But we can think of no other reason why this intentional act of spilling blood at the foot of our walkway occurred.
I certainly don’t care to sound alarmist, and this incident could have been some kind of particularly unfunny practical joke. Either way, it seems that some kind of animal was sacrificed to harvest the blood to fill our walkway.
That’s sad and pathetic.
To my way of thinking, hate crimes are acts of cowardice. The anti-Semitic pamphlets and flyers we’ve found under our windshield wipers over the years were delivered by people who want no conversation. Those papers are threats meant to intimidate.
Since 1968, when Congress passed, and President Lyndon Johnson signed into law, the first federal hate crimes statute, the Department of Justice has been enforcing federal hate crimes laws. The 1968 statute made it a crime “to use, or threaten to use, force to willfully interfere with any person because of race, color, religion, or national origin. It seems limited to protecting those participating in a federally protected activity, such as public education, employment, jury service, travel, or the enjoyment of public accommodations, or helping another person to do so.”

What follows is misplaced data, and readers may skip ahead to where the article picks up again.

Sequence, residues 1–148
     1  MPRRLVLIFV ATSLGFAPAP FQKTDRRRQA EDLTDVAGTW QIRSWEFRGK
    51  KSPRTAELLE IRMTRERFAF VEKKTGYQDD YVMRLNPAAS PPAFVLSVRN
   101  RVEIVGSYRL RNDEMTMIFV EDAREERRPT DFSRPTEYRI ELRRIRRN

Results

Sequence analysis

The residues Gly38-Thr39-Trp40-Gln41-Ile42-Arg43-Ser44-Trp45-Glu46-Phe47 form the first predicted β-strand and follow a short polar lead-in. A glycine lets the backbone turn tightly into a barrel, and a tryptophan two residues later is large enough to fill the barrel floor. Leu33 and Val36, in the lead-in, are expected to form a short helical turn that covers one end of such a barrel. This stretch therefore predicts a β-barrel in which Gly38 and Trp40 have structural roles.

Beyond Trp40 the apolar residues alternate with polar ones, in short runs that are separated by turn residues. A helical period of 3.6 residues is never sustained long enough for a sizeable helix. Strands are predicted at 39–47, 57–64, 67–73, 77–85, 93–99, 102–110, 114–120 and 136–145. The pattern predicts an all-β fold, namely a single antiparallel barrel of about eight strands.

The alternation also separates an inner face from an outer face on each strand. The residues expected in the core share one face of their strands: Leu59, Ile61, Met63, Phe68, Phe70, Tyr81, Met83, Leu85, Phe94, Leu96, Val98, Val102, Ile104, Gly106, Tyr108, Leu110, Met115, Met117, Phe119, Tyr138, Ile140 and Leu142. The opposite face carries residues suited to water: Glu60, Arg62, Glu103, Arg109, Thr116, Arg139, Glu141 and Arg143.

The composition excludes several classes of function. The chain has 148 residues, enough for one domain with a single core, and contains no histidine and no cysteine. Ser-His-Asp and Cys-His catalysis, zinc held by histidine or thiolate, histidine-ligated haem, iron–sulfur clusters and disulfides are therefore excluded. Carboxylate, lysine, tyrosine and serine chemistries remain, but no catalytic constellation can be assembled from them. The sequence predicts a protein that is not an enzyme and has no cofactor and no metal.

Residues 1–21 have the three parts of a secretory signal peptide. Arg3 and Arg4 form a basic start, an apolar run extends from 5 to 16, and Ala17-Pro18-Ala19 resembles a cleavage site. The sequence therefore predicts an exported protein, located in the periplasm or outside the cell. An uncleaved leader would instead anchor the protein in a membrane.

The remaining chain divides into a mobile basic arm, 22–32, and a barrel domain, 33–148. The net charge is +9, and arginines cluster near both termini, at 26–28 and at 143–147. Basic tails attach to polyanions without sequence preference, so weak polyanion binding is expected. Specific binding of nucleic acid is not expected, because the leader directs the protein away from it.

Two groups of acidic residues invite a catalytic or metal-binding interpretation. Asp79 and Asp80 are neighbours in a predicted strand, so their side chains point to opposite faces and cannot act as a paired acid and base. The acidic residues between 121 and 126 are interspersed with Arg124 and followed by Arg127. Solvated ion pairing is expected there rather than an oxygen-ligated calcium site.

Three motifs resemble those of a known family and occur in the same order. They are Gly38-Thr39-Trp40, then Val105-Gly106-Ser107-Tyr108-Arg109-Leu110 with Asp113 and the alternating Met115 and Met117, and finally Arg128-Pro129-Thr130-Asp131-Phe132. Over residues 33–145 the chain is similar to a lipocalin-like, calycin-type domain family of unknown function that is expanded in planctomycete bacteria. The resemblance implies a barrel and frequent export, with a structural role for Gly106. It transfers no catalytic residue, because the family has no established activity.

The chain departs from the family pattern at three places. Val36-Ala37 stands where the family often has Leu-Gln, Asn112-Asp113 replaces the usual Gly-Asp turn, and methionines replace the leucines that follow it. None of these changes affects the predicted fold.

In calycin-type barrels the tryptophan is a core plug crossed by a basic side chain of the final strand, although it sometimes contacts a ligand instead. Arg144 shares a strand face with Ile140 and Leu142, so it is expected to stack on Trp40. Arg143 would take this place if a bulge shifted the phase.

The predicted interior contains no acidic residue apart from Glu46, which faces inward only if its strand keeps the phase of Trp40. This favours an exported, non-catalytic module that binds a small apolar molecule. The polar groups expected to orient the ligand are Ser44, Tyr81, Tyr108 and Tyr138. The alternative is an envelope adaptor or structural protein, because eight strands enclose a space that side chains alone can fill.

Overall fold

In 1968, Congress also made it a crime to use, or threaten to use, force to interfere with housing rights because of the victim’s race, color, religion, sex, or national origin; in 1988, protections on the basis of familial status and disability were added. In 1996, Congress passed the Church Arson Prevention Act. Under this Act, it is a crime to deface, damage, or destroy religious real property, or interfere with a person’s religious practice, in situations affecting interstate commerce. The Act also bars defacing, damaging, or destroying religious property because of the race, color, or ethnicity of persons associated with the property.